Judo techniques are divided into three major categories: nage waza (throwing techniques), katame waza (grappling techniques, and atemi waza (vital-point striking techniques).
Nage waza are many and varied, their purpose being to unbalance an opponents posture and throw the opponent to the floor.
Nage waza (Throwing techniques)
Nage waza can be divided into two main types: tachi waza (standing techniques) and sutemi waza (sacrifice techniques). The tachi waza are further divided into the "te waza" (hand techniques), "koshi waza" (hip techniques), and "ashi waza" (foot/leg techniques) groups, and the sutemi waza are further divided into the "ma sutemi waza" (front sacrifices) and the "yoko sutemi waza" (side sacrifices) groups. Although the hands,hips, and feet are used in all these techniques, the technique names are taken from the body part or action which is central to the motion. The main nage waza are shown below.
* In these explanations, the person applying a technique is identified as "tori", and the person receiving the technique is identified as "uke".
- Ippon-seoi-nage (One-arm shoulder throw) [Tachi waza -> Te waza]
- Tori breaks uke's balance by pulling him directly forward. With his right arm inserted under uke's armpit, tori spins around on his right foot with his back against uke. Tori then lowers his right shoulder and throws uke over his shoulder in a circular motion.
- Harai goshi (Sweeping hip throw) [Tachi waza -> Koshi waza]
- Tori breaks uke's balance by pulling forward and to the right. Tori then spins so that his hips are against uke, and uses his right leg to sweep uke's weight-bearing right leg from the floor, and finally throws uke over his hip.
- Osoto-gari (Large outer reap) [Tachi waza -> Ashi waza]
- Tori breaks uke's balance by pushing him back, then tori uses his right leg to sweep uke's weight-bearing right leg from the floor in a diagonal motion from behind.
- Ouchi-gari (Large inner reap) [Tachi waza -> Ashi waza]
- Tori pushes Uke straight back, or back and leftward, then places his right leg behind Uke's left leg (at knee level) and sweeps Uke's left leg off the floor to throw him down.
- Uchi mata (Inner thigh wraparound throw) [Tachi waza -> Ashi waza]
- Tori breaks Uke's balance by pulling him straight forward, then inserts his leg deep behind Uke's left inner thigh and sweep's it off the floor with his right thigh.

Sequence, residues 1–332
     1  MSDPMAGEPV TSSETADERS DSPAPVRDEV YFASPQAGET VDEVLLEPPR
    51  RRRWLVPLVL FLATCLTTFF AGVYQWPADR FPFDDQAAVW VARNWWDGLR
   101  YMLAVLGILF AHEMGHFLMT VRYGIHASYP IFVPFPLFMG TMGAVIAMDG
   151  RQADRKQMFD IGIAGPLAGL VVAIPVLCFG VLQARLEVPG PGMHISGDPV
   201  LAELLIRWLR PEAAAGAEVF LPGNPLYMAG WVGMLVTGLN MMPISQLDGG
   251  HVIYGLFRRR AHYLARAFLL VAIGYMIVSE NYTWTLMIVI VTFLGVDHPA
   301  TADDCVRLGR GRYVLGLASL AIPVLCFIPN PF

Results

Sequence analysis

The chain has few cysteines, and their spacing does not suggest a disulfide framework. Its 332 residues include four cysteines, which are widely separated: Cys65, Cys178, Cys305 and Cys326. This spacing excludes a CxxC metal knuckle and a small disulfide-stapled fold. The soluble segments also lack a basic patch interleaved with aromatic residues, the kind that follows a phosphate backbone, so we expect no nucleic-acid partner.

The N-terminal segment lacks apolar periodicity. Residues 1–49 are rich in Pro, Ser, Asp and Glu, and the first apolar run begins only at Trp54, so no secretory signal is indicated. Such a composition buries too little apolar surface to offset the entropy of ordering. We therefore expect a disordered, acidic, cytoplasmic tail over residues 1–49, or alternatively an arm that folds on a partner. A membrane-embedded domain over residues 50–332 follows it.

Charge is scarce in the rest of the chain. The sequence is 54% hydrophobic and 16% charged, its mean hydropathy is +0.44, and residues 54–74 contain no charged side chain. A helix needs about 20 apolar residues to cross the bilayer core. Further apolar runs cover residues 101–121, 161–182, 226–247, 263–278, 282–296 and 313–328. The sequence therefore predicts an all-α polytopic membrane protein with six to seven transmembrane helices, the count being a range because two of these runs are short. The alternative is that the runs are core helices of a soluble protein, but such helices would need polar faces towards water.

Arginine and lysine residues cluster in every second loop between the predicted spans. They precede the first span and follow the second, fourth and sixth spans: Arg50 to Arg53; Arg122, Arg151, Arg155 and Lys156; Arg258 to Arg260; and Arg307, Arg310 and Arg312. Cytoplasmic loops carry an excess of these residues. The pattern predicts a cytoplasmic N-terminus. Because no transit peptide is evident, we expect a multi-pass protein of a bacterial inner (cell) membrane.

- Tomoe nage (Circular throw) [Sutemi waza -> Ma sutemi waza]
- Tori breaks Uke's balance by pulling him straight forward, then slides into a supine posture (facing upward) between the legs of Uke, with the sole of one foot placed against Uke's stomach area. Tori then carries Uke's body over his own head with that leg, thus throwing Uke to the floor.
Katame waza (Grappling techniques)
Katame waza consist of holding, strangling, joint twisting, and counter bending techniques, etc., designed to restrict the opponent's freedom of movement. These techniques are divided into three groups: "Osae waza" (hold-down techniques), "Shime waza" (strangling techniques), and "Kansetsu waza" (Joint lock techniques). The main "Katame waza" (Grappling techniques) are explained below.
- Kesa Gatame (Scarf hold) [Osae waza]
- Tori lies on his side over the supine body of Uke while holding Uke's arm in his armpit, with his other arm around Uke's neck. With his legs wide apart, Tori holds Uke down in this posture.
- Kami shiho gatame (Top four corner hold) [Osae waza]
- Tori lies face down with his upper body over the supine Uke's chest or abdominal area. In this posture, Tori pins both of Uke's arms to his sides, thus effectively holding Uke down.
- Nami-juji-jime (Normal cross strangle) [Shime waza]
- With arms crossed, Tori grips both sides of Uke's collar, thus strangling him.
- Ude hishigi juji gatame (Cross lock) [Kansetsu waza]
- Tori lies on his back grasping one of Uke's wrists with both hands, and with both thighs scissoring the upper part of that trapped arm. The arm is pulled to hyperextend the elbow or the shoulder.
Ate waza (Striking techniques)
"Ate waza" (or "Atemi waza") consist of striking maneuvers (by the hand, fingers, edge of the hand, elbow, knee, foot, and heel) aimed at vital points on the opponent. Due to their hazardous nature, Ate waza are not used in competition or in normal practice sessions.